Skip to main content Skip to footer site map

Review: LITTLE WOMEN, Opera Holland Park

American opera based on beloved novel gets its UK premiere

Review: LITTLE WOMEN, Opera Holland Park Review: LITTLE WOMEN, Opera Holland Park Women, as women have done for 150 years, pick up a copy of the novel Little Women and retire to read it. We catch on that these specific women are avatars for Jo, Meg, Amy and Beth, the eponymous March sisters, but they sit in picture frames, each suggesting a woman portrayed - I spotted Joan of Arc, and a John Singer Sargent socialite in a bias cut dress. They are our chorus and they reflect the decisions the sisters take, illustrating and enhancing each impacts. As at Ruddigore, they can walk out of the frames if they wish - like the girls who move out of their beloved family home.

Right from the get-go, it's clear that director, Ella Marchment, will be telling the two stories: the sisterhood of the four Marchs and the broader sisterhood of the novel's readers. They have (for generations) have found empathetic role models in Louisa May Alcott's classic work and a voice in a world in which they have often been shouted down, these days online as much as offline. Though Mark Adamo wrote this opera at the end of the 20th century, it feels relevant, urgent and very 21st century on this, its UK premiere.

Charlotte Badham captures Jo's headstrong nature, her commitment to her family outranking even her own romantic possibilities, her adolescent arrogance on show as she seeks to undermine Meg's match with John Brooke. That pairing is not ideal, but surely both deserve more sympathy than that offered to them, even in the harsh environment of the 19th century marriage market. Badham is a charismatic Jo, but often cruel and hard to like - nevertheless, she is her own woman at a time (well, any time really) when that was a feat in itself. Badham is an Opera Holland Park Young Artist alumna, but her singing doesn't always reach above the orchestra in a very demanding role delivered in an outdoors space that isn't always sympathetic to anything less than the most powerful voices.

Her rejected suitor, Laurie, is given real pathos by Frederick Jones, torn by the rejection of the childhood friend whom he once loved as a playmate and rare intellectual equal and now intends to love as a woman. It's in these traumatic moments that Sian Edwards' conducting extracts the pain that weaves in and out of the score, the City of London Sinfonia sometimes illustrating, sometimes leading, but never following the emotions on stage.

Lucy Schaufer and Benson Wilson shine in cameo roles as the wealthy and judgemental Aunt Cecilia and the erudite Professor Bhaer. Badham and Wilson get the best scene in the whole opera, when Bhaer leavens his criticism of Jo's sensationalist stories by gently introducing Goethe and translating his German romanticism into English for her - not that she wasn't smart enough to cotton on to his meaning first time round...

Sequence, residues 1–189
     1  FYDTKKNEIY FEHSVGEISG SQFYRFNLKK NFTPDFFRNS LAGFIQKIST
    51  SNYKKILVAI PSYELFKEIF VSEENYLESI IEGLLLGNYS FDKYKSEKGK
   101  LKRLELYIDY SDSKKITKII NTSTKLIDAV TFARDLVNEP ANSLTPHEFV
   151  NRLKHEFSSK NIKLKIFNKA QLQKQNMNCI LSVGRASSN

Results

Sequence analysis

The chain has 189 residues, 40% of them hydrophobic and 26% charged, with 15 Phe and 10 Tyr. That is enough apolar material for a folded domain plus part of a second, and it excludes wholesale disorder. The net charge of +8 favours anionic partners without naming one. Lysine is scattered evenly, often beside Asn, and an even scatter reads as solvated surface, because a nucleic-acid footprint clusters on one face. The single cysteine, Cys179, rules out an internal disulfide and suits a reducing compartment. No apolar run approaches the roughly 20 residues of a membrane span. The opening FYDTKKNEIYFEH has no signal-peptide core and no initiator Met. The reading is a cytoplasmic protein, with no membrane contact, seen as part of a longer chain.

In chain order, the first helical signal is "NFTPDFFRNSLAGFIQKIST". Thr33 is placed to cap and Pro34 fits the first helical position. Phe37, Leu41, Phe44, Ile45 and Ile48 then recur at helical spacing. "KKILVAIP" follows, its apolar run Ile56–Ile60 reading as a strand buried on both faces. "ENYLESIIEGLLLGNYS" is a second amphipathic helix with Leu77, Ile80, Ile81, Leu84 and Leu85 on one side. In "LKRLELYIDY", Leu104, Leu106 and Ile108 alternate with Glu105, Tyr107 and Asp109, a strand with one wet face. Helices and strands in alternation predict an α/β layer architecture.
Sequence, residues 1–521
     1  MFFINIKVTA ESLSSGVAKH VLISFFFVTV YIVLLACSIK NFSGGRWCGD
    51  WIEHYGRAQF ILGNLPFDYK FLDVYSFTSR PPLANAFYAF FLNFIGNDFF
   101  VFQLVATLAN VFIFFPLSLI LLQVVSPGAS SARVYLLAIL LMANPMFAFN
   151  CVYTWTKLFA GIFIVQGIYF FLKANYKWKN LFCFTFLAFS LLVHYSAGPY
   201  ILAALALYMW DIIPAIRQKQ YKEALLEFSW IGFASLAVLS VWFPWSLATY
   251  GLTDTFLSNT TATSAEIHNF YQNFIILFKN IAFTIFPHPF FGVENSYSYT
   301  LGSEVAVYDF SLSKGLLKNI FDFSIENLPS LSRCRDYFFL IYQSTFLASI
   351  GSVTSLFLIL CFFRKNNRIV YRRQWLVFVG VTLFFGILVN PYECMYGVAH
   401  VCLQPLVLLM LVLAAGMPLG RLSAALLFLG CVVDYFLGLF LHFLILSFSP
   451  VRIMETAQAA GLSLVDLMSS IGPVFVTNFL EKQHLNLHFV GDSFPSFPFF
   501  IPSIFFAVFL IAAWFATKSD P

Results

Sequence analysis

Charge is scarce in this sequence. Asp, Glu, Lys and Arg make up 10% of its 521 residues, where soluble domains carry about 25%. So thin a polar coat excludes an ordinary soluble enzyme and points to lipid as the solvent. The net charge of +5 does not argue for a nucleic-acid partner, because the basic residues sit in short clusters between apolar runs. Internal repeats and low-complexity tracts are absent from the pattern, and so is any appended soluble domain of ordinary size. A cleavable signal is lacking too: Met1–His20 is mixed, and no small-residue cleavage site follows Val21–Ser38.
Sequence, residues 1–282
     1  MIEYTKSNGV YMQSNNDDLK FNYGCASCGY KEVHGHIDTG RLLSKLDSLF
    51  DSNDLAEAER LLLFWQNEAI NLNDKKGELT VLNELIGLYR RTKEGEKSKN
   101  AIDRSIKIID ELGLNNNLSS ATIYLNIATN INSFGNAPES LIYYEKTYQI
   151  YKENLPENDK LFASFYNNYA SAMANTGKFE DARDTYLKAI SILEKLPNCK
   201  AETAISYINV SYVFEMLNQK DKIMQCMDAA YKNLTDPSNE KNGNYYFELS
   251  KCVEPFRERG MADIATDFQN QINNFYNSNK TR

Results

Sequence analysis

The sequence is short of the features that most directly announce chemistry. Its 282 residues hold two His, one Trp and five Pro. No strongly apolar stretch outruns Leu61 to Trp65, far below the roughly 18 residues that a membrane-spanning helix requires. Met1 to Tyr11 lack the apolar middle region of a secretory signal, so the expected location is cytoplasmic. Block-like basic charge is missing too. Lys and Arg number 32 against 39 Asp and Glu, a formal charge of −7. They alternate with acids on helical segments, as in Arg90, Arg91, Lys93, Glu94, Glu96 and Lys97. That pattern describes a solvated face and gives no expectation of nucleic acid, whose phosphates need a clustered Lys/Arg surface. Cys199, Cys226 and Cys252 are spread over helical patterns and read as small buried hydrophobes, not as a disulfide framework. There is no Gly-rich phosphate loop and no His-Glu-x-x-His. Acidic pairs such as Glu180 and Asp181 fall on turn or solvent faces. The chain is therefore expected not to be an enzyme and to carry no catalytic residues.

There's a lot of turning back time (the action takes place in flashback after the framing prologue) and a key plot point involving a man 'settling' for the younger sister when rejected by the brighter, stubborn elder. I cannot have been alone in wondering if Lin Manuel Miranda took some inspiration from those scenes when writing the Schuyler sisters signature scene in Hamilton.

If the action dips a little towards the interval - do wrap up warm as the sun is going down at the same time - the second half recovers momentum and we are treated to excellent harmonies (of which it's a shame that there isn't more) and a more active role for the chorus. The ending - never easy in any adaptation of this novel - leaves us with a little skip in our step as Jo's self-imposed isolation (a little like that of poor Sonya in Uncle Vanya) looks unlikely to last much longer.

Opera Holland Park, more sustainability conscious post-pandemic, has made a bold choice in programming a work new to this country, even if it comes with accolades from abroad and a "You've read the book, seen the film, now see the opera" (unstated, of course) strapline. Not everyone will enjoy it (some around me retreated from the cold at the break) but it's an evening full of rewards, musical and intellectual, a long way from the lazy stereotype of Little Women as a novel for teenage girls finding themselves in bookish Jo, pretty Meg, doomed Beth and charming Amy.

Little Women is at Opera Holland Park until 5 August

Photo Credit: Ali Wright

From This Author - Gary Naylor

Gary Naylor is chief London reviewer for BroadwayWorld ( and feels privileged to... (read more about this author)

Review: TWO UKRAINIAN PLAYS, Finborough TheatreReview: TWO UKRAINIAN PLAYS, Finborough Theatre
August 12, 2022

Important plays that make demands on the audience, but also demand to be seen.

Review: HMS PINAFORE, Opera Holland ParkReview: HMS PINAFORE, Opera Holland Park
August 10, 2022

The Charles Court Opera company team up with Opera Holland Park in a co-production that that is just what we need right now

Review: ALL OF US, National TheatreReview: ALL OF US, National Theatre
August 5, 2022

A play that reminds us of theatre's power to entertain us, to affect us and, one hopes, to stir us to action

Review: BLACK, EL PAYASO, THE CLOWN, Grimeborn Festival, Arcola TheatreReview: BLACK, EL PAYASO, THE CLOWN, Grimeborn Festival, Arcola Theatre
August 4, 2022

Grimeborn delivers another little gem with this pared back version of a somewhat obscure Spanish zarzuela

Review: TOM, DICK AND HARRY, Alexandra Palace TheatreReview: TOM, DICK AND HARRY, Alexandra Palace Theatre
July 29, 2022

Whether we need another wartime tale of very decent Allied blokes escaping not at all decent Nazi blokes, isn't really answered in this new take on The Great Escape's inspiration.